GARY - When murder victim Deborah McHenry was young, she, her brother and
three sisters used to play with Eugene Britt and his siblings.
Now, years later, family members believe that early friendship with Britt
led to Deborah's death.
"He (Britt) was a pretty good fellow," said McHenry's mother, Irene Morris,
as she sat in the living room of her Gary home Tuesday, remembering the years
her family lived next door to the Britts at 1981 Hayes. "You would never think
he was that kind of boy."
Britt, 38, has allegedly confessed to Gary and Portage police that he raped
and strangled eight Gary women, including Deborah, and that he strangled an
unidentified Gary man between May and September.
He is now being held in the Porter County Jail in Valparaiso on charges of
murder and criminal deviant conduct in the rape and strangulation death of
8-year-old Sarah Lynn Paulsen of Portage.
While city detectives are busy building their cases against Britt, who has
not been charged in any of the Gary killings, Morris and her family are
struggling to come to terms with the twist of fate that ended Deborah's life.
"She was a lovely person," Morris said of her youngest daughter, her eyes
filling with tears as she clutched a copy of the Lake County coroner's report
that details her daughter's cause of death. "She (Deborah) didn't fight. She
was just a homebody, a mother."
On the day she died, Deborah, 41, or Debbie as family members called her,
had gone to pick up her food stamps and Social Security check.
That afternoon, Deborah stopped at her aunt's house in Gary to visit and
hang out, her brother, Donald said. The group had a few drinks and talked for
Later, Deborah decided she wanted to go shopping, so Donald took her to a
nearby store. On the way home, though, Deborah told her brother to let her off
at 25th and Broadway, so she could meet up with a friend, Donald said.
That was the last time he saw her.
"Debbie was supposed to come back to my aunt's house, but she didn't,"
Donald said, his voice breaking.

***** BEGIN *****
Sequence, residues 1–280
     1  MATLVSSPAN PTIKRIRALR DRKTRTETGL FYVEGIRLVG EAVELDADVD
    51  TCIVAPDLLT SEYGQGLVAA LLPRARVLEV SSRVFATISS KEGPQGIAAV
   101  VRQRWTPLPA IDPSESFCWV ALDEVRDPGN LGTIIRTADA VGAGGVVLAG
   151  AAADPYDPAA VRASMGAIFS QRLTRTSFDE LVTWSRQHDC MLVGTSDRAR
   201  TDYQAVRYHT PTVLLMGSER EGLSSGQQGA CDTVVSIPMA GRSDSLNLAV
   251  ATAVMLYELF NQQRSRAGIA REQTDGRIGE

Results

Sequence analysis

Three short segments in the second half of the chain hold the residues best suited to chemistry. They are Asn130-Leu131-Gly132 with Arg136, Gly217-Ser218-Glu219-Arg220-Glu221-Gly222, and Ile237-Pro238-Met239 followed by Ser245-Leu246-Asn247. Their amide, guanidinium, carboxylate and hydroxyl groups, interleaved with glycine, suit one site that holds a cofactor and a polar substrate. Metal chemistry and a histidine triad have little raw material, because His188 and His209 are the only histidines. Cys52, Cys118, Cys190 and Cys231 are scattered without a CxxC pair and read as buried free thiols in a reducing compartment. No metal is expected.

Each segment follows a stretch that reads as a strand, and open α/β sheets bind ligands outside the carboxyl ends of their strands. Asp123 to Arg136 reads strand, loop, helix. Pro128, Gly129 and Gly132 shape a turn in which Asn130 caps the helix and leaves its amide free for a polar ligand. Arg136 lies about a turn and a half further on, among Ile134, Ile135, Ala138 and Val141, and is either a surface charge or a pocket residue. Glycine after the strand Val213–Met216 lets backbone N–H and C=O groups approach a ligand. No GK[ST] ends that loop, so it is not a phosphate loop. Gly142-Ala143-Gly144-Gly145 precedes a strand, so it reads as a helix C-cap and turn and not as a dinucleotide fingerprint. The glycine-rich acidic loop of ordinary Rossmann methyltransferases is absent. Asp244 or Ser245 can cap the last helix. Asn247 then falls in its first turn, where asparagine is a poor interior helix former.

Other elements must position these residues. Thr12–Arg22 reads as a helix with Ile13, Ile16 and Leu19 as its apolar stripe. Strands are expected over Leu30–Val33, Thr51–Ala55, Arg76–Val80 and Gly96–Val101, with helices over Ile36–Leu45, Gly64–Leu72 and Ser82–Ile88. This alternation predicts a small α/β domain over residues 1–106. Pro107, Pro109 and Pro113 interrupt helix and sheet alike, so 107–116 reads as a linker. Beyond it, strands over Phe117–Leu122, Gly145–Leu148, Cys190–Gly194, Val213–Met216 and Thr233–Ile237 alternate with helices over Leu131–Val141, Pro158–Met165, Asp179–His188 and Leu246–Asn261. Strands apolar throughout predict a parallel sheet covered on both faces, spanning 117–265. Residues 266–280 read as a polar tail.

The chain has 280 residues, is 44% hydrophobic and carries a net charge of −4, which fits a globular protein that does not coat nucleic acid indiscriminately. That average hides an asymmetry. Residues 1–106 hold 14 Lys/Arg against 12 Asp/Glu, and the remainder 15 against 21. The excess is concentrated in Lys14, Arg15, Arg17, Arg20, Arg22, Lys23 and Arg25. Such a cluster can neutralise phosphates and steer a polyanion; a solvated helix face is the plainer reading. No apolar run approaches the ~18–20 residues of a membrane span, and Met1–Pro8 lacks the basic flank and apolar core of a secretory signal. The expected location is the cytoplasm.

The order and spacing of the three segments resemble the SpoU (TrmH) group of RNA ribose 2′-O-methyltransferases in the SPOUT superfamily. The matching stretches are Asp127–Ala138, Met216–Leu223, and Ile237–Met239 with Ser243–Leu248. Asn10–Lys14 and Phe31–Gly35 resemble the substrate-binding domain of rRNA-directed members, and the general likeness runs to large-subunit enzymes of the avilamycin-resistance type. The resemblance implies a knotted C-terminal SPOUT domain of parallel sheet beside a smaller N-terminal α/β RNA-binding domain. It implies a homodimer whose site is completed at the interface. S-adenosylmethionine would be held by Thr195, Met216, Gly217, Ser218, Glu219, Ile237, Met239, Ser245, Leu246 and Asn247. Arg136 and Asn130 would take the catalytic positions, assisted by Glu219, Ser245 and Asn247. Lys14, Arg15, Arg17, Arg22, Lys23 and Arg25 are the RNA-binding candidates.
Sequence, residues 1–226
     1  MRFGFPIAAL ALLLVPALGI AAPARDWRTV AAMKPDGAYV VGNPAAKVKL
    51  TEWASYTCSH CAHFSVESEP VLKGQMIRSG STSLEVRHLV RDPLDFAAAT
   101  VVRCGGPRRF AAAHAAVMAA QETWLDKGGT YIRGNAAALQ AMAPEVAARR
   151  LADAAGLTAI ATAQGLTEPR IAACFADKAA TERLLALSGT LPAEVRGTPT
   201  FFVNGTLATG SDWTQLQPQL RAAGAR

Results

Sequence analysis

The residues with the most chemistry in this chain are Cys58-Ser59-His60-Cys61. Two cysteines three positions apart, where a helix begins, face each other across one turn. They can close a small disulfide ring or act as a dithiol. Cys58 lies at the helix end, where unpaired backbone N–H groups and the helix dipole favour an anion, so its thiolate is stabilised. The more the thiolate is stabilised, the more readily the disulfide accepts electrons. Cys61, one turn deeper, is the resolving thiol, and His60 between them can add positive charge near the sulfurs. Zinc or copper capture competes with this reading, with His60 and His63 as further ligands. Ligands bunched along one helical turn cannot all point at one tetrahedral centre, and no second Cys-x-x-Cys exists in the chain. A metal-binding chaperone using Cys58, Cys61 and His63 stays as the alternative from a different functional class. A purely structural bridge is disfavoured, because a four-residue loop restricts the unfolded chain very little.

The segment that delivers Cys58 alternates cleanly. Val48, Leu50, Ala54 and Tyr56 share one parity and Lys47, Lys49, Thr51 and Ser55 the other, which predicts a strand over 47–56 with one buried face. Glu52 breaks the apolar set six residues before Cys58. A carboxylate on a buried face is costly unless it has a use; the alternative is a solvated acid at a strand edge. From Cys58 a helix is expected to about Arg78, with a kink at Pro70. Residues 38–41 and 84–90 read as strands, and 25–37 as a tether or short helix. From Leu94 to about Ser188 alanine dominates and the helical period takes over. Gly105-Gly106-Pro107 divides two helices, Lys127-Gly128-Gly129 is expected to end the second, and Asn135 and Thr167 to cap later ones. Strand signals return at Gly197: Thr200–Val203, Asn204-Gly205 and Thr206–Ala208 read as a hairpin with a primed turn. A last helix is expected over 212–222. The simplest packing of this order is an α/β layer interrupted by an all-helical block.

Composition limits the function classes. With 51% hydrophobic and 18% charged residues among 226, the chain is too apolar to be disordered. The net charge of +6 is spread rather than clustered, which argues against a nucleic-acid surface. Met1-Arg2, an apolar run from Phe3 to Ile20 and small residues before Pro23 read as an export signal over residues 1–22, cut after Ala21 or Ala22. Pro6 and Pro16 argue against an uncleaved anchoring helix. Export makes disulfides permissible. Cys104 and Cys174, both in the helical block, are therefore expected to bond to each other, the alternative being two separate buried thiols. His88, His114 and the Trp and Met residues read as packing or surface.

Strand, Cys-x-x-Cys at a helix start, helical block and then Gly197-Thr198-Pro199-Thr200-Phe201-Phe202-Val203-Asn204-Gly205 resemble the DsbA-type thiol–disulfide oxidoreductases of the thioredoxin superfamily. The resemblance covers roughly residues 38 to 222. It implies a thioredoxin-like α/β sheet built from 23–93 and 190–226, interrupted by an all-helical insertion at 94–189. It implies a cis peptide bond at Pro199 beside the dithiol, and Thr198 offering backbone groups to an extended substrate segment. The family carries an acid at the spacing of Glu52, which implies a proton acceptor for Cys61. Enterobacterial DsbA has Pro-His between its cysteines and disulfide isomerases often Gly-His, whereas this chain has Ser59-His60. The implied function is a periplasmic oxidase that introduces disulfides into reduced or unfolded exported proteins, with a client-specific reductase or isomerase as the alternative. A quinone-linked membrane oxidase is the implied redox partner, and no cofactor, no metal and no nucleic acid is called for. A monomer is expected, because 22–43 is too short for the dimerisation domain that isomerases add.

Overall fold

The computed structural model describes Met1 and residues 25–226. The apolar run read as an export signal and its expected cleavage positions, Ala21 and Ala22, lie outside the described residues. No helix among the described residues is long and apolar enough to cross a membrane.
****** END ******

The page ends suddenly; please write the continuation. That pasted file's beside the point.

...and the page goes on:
Early the next morning, July 18, a man found Deborah's partially-clothed
body lying in some weeds near a garage at 2940 W. 21st Ave.
Police were able to identify her through a Med-Alert necklace she wore
because of epilepsy.
"Debbie was like a lamb," Donald said, pain clouding his eyes. "She needed
protection. There was no one there to protect her."
Morris believes that sometime after Deborah left her brother on July 17, she
must have run into Britt and recognized him from childhood and stopped to talk
"He was the last person you would expect (to do this)," Morris said,
referring to what Britt was like as a child.
Donald McHenry, though, said while Britt seemed nice enough as a child, he
came from a troubled family and allegedly began abusing alcohol at an early age.
The McHenry family moved away from the Britts in the mid-60s, ending up in
Gary's Glen Park neighborhood.
There, Deborah completed high school, graduating in 1973 from Westside High
Soon after graduation, she started working at a filling station and later at
other similar jobs.
Deborah, who never married, had a stillborn child a few years after
graduating from Westside, Donald said. Later, she had two other daughters, now
19 and 16 years old.
In 1987, Deborah was diagnosed with a life-threatening brain tumor and
underwent surgery to remove it. Afterward, she was never quite the same.
"It took her from 30-years-old to 10-years-old. It affected her thinking,"
Donald said, adding that the family closed ranks after Deborah's surgery to
help her and protect her.
After the surgery, Deborah wasn't able to return to work, so she
concentrated on raising her daughters, Morris said.
Now, Deborah's daughters are trying to get on with their lives and keep
their mother's memory alive, Morris said.
But the task isn't easy.
For her part, Morris is critical of Gary police, saying they haven't been
talking with the family enough. She said she learned that Britt had allegedly
confessed to killing her daughter from the media.
Gary police, though, said they have been doing everything they can to try to
solve Deborah's murder and the other 100-plus that have occurred in the city
In addition, the Cold Squad, the city's special team of detectives assigned
to investigate unsolved homicides, is now focusing its energies on the nine
people Britt allegedly killed.
While some are relieved that Britt is in jail, Morris said she gets little
comfort from that.
"I can't forgive," she said softly, shaking her head. "I can't forgive."